My thanks to DrugWatch.com, a comprehensive website database that includes up-to-date information about prescription and over-the-counter medications and potential side effects to aid in the protection of patients and consumers, for this week's guest post:
Popular Drugs Pose Serious Risks When Taken During Pregnancy
According to the Centers for Disease Control and Prevention, approximately one in every 33 babies is born with a birth defect. A disturbing number of these are caused by the use of dangerous medications during pregnancy, and many can be prevented through greater awareness and safer practices.
Throughout the history of modern medicine, a number of popular medications have been linked to serious birth defects and fetal death after they have been on the market for quite some time. Some of the most widely prescribed include thalidomide, a medication used during the mid 1900s as a sedative and antiemetic agent, and Accutane, a medication used since the 1980s to treat severe acne. Clinical studies have shown that even a single dose of these medications taken during pregnancy can result in birth defects.
Many women who have suffered because of these medications have sought legal recourse against drug manufacturers through the use of a Thalidomide or Accutane lawyer. Consumer advocates have argued that in a number of instances, negligent drug companies have hidden or downplayed serious risks posed to pregnant women by their medications.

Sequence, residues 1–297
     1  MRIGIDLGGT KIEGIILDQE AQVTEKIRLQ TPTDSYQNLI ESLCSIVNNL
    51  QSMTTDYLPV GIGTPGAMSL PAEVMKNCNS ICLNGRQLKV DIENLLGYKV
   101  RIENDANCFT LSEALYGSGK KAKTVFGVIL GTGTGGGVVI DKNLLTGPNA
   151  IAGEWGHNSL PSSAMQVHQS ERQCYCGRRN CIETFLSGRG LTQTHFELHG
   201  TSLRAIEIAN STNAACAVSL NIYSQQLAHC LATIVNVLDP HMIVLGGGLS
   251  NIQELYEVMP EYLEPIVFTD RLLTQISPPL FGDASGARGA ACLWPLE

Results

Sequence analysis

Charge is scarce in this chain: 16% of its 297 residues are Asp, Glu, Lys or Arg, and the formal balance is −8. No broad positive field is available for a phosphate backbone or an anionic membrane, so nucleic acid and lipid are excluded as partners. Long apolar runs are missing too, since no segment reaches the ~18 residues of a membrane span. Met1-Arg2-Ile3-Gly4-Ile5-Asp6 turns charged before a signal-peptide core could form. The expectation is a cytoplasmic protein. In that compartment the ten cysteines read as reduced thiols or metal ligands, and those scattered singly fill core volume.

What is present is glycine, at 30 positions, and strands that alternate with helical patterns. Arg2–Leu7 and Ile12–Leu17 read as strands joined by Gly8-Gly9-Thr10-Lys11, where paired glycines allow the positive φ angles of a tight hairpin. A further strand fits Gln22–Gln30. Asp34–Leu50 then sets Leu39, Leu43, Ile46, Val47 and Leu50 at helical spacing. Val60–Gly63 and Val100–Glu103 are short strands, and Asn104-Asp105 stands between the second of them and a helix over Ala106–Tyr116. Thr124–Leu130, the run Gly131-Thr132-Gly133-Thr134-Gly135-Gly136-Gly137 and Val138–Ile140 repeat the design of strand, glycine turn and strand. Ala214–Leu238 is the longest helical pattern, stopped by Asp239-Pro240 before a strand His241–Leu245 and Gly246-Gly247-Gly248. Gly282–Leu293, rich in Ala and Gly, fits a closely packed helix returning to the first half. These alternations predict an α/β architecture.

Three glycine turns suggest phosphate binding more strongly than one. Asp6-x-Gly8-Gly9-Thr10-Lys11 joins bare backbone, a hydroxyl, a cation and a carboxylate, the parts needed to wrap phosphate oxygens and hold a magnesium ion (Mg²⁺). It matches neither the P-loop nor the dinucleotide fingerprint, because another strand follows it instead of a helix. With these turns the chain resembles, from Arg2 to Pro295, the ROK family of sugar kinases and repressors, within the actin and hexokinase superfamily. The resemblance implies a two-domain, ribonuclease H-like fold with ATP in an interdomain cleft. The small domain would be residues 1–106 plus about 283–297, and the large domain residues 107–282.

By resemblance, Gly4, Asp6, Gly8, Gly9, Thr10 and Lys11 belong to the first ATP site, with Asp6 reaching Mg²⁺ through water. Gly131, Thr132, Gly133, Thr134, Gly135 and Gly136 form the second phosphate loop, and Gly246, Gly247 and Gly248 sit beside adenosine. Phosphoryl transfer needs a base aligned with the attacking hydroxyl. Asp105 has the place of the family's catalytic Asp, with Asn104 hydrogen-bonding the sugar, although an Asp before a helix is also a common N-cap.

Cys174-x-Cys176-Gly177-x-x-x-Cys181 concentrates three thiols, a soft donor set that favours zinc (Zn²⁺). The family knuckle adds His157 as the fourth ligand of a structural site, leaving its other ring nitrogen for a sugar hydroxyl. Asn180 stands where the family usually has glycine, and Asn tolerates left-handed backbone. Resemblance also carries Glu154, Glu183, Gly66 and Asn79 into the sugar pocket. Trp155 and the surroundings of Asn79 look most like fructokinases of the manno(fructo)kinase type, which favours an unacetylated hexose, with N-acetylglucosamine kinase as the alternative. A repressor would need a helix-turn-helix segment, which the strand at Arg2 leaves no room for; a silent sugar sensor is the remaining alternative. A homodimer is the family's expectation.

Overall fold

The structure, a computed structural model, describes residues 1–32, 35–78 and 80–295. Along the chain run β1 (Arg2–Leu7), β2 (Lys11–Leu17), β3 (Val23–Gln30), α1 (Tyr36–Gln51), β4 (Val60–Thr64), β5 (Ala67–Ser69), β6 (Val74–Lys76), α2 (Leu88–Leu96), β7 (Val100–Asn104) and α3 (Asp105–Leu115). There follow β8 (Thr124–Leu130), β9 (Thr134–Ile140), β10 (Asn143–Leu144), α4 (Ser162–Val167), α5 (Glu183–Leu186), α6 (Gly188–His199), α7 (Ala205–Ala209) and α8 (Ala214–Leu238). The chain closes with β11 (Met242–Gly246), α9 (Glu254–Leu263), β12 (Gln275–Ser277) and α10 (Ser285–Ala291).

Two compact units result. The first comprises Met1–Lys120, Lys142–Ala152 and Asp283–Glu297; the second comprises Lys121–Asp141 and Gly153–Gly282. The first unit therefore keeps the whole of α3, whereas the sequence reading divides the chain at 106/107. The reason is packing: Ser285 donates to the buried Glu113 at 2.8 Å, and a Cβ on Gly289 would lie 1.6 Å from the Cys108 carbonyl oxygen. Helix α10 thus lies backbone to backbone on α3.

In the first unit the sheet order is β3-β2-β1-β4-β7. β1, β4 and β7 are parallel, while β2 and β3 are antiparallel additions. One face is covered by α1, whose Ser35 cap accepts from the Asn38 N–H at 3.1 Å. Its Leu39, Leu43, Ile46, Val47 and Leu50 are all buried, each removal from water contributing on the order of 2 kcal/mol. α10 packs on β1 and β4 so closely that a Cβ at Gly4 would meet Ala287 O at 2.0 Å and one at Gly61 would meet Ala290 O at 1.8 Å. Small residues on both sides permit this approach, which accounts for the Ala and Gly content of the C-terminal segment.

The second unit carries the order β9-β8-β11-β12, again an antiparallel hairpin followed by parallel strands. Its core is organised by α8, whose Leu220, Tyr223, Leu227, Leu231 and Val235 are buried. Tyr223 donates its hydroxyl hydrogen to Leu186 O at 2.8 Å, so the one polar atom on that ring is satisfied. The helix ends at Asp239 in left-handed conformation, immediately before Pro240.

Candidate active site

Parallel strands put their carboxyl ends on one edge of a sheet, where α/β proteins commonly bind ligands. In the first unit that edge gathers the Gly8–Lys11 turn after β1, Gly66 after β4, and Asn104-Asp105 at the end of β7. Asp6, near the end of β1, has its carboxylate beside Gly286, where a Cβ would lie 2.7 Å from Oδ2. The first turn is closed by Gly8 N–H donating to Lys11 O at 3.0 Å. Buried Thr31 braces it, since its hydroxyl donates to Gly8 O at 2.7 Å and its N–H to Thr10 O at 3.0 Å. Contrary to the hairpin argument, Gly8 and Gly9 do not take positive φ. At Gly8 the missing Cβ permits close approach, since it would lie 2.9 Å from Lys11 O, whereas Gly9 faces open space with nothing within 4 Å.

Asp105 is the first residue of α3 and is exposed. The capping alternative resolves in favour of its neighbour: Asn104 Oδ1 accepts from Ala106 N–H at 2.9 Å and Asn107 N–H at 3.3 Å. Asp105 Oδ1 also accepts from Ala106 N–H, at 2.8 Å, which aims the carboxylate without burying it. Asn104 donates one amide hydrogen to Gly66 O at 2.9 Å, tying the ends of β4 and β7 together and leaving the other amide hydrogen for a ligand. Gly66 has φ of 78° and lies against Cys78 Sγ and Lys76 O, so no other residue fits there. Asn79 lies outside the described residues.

Even as efforts to protect pregnant women against such dangerous medications have grown, many measures taken by drug companies and the U.S. Food and Drug Administration (FDA) have fallen short. In the case of Accutane, even after the FDA required women taking the medication to use two forms of birth control and enroll in a mandatory registry, approximately 120 enrolled women reported pregnancies every year.
Experts around the nation continue to express astonishment and concern over the amount of dangerous drugs used by many pregnant women today. In today's environment of ubiquitous medication use, health care professionals are instructing women to speak with their doctor before taking any new medication, regardless of whether it is available by prescription or over-the-counter. Because even common pain medications such as Aleve and Aspirin can cause harm to a developing baby, patient advocates are warning women to air on the side of caution for their own safety and the safety of their baby.
For more information on drugs that can cause harmful effects during pregnancy, visit DrugWatch.com.